Considering now the outer MPGC velocity dispersion data, it also turns out to be difficult to fit the joint constraints from ΛCDM halo concentration expectations and the satellite galaxies dynamics. The mass required by the latter predicts MPGC dispersions higher than observed, which can be alleviated by a low-concentration halo. The range of plausible solutions is bracketed by adopting a halo that has a low concentration at the 1σ level while fitting the satellites constraint, or one with a normal concentration that does not agree with the satellites (whose constraint is then assumed to be unreliable). Alternative modifications to lower the MPGC dispersions would be to use a less cuspy NFW model (which is within the cosmological scatter for halo profiles), or to decrease the adopted distance since the kinematics data will then effectively be probing less far into the halo (although this galaxy is likely to be more distant, not less, based on estimates summarized in NED).

The resulting range in fit parameters is ν∼ 2.6–3.1; again, the systematic uncertainties outweigh the statistical ones (∼±0.15) from fitting the dispersion and density profiles. An additional issue from these solutions is that the low observed kurtosis for the outer MPGCs suggests tangential anisotropy in these regions too, again at odds with the radial model expectations.

4.4 Rarity of Milky Way MPGC progenitor subhaloes

The Milky Way modelling differs slightly from the previous two galaxies by treating 3D rather than projected profiles (of density and velocity dispersion). For the mass model, a ΛCDM motivated halo is included as before, along with stellar disc and bulge components based on models ‘I’ and ‘II’ from Binney & Tremaine (2008) , which bracket a plausible range of parameters for these components. We also tried the disc and bulge model of Widrow, Pym & Dubinski (2008) , which is roughly halfway between the I and II models of Binney & Tremaine (2008) . As shown in the upper left-hand panel of Fig. 4 , since these components influence the central regions only, all choices give the same results for ν. The model I of Binney & Tremaine (2008) was adopted.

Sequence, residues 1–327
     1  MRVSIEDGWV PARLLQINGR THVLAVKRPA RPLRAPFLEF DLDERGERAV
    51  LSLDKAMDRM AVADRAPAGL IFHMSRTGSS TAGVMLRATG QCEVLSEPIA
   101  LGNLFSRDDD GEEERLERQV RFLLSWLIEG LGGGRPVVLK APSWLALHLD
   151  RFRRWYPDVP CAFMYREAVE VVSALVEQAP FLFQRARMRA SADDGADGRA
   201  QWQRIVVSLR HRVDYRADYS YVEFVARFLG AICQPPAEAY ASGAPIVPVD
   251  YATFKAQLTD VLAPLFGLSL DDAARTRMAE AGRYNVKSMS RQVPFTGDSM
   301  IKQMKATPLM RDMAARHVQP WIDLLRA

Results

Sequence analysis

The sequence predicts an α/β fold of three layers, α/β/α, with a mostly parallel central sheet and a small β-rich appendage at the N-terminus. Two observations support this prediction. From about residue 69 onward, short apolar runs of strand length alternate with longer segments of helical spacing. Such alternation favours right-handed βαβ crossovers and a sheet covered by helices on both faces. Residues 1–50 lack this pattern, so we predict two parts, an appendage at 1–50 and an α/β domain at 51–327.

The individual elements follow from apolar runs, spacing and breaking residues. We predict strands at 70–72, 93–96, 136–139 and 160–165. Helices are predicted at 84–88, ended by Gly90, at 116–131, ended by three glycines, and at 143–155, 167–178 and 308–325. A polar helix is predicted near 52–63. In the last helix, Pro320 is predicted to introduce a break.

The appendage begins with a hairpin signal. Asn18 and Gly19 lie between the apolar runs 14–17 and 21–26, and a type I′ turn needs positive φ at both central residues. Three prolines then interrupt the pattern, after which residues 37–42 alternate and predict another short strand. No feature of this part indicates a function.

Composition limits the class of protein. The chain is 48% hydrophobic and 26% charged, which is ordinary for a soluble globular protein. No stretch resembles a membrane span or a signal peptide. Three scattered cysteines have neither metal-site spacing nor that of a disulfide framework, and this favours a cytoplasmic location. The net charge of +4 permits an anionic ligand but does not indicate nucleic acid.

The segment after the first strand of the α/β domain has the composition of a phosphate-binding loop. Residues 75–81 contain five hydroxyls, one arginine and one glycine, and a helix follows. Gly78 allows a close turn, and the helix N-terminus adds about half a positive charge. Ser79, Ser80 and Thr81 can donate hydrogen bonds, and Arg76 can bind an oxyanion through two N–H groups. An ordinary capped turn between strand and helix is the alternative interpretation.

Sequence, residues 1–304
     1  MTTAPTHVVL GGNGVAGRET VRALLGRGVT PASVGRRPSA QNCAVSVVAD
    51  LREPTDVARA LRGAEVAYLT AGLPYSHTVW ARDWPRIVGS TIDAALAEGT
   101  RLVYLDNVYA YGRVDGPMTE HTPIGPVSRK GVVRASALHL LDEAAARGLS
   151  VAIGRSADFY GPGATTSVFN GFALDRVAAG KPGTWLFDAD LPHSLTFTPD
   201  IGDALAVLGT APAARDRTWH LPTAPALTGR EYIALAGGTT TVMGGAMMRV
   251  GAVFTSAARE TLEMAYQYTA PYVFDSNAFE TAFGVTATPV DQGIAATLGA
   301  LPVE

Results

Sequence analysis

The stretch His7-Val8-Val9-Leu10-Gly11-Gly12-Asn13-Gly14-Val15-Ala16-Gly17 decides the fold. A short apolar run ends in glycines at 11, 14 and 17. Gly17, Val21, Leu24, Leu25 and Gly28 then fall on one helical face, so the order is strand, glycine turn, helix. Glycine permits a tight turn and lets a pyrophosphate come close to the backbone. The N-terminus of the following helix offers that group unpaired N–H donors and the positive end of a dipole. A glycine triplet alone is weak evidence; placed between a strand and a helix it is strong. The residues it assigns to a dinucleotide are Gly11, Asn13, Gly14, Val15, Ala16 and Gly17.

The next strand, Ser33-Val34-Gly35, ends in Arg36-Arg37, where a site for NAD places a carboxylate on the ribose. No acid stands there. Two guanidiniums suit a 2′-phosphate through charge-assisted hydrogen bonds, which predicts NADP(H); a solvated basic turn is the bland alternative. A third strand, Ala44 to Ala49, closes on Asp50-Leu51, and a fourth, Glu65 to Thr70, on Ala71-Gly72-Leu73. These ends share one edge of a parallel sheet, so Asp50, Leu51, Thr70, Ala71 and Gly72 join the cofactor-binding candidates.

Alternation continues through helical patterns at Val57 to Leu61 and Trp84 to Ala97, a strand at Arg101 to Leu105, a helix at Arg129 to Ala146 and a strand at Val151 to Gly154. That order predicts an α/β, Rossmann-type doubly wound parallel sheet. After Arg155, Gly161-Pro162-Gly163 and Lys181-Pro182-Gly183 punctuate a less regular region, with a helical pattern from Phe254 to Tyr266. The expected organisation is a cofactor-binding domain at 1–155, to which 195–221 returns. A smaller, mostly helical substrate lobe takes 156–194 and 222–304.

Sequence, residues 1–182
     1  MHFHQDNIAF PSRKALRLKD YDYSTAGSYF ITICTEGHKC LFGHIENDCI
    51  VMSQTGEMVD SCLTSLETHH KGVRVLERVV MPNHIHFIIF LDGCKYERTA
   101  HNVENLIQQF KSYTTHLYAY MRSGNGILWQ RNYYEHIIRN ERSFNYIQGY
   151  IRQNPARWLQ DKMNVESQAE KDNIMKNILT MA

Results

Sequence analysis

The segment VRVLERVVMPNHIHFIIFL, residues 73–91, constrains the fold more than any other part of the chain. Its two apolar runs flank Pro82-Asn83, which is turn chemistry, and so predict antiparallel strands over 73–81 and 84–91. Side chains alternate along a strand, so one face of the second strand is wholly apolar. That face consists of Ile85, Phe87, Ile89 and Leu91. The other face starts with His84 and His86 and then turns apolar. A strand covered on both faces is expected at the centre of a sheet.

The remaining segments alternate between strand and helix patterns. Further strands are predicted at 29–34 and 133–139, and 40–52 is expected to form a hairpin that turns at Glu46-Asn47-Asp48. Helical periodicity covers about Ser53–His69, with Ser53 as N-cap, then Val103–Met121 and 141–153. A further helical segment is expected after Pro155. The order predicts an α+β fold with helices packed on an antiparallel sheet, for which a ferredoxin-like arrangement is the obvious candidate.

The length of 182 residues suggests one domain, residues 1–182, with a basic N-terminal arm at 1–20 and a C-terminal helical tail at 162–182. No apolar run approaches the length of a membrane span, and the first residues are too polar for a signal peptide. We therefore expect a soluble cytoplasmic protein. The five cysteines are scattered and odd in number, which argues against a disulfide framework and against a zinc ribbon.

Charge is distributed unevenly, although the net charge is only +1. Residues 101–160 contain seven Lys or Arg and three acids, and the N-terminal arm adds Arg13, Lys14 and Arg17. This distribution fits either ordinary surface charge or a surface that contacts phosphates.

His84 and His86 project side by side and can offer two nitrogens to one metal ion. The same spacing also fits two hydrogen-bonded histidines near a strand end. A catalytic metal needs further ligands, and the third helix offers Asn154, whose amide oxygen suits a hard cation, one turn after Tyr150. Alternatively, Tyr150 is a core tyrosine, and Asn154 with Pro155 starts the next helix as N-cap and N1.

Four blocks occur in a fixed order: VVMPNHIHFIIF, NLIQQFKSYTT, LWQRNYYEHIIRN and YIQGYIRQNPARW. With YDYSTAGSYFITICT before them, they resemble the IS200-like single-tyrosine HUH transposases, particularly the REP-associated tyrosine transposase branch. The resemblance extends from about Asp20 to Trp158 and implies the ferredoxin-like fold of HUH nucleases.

Figure 4

As Fig. 2 , for the Milky Way. Here the lower panels are three-dimensional rather than projected quantities. The dashed curve in the lower right-hand panel shows the velocity dispersion profile fit to halo tracers (mostly stars) from Gnedin et al. (2010) . The solid curve in this panel shows the best model, with ν= 3.12, rs = 33 kpc and ρ s = 2.5 × 10 6 M kpc −3 (a normal concentration halo with Mvir ∼ 1.8 × 10 12 M ). The dotted curves show a high-concentration halo with ν= 2.79, rs = 22 kpc, ρ s = 5.1 × 10 6 M kpc −3 and Mvir ∼ 1.3 × 10 12 M ; and a low-concentration halo with ν= 3.48, rs = 49 kpc, ρ s = 1.2 × 10 6 M kpc −3 and Mvir ∼ 2.5 × 10 12 M .

Figure 4

As Fig. 2 , for the Milky Way. Here the lower panels are three-dimensional rather than projected quantities. The dashed curve in the lower right-hand panel shows the velocity dispersion profile fit to halo tracers (mostly stars) from Gnedin et al. (2010) . The solid curve in this panel shows the best model, with ν= 3.12, rs = 33 kpc and ρ s = 2.5 × 10 6 M kpc −3 (a normal concentration halo with Mvir ∼ 1.8 × 10 12 M ). The dotted curves show a high-concentration halo with ν= 2.79, rs = 22 kpc, ρ s = 5.1 × 10 6 M kpc −3 and Mvir ∼ 1.3 × 10 12 M ; and a low-concentration halo with ν= 3.48, rs = 49 kpc, ρ s = 1.2 × 10 6 M kpc −3 and Mvir ∼ 2.5 × 10 12 M .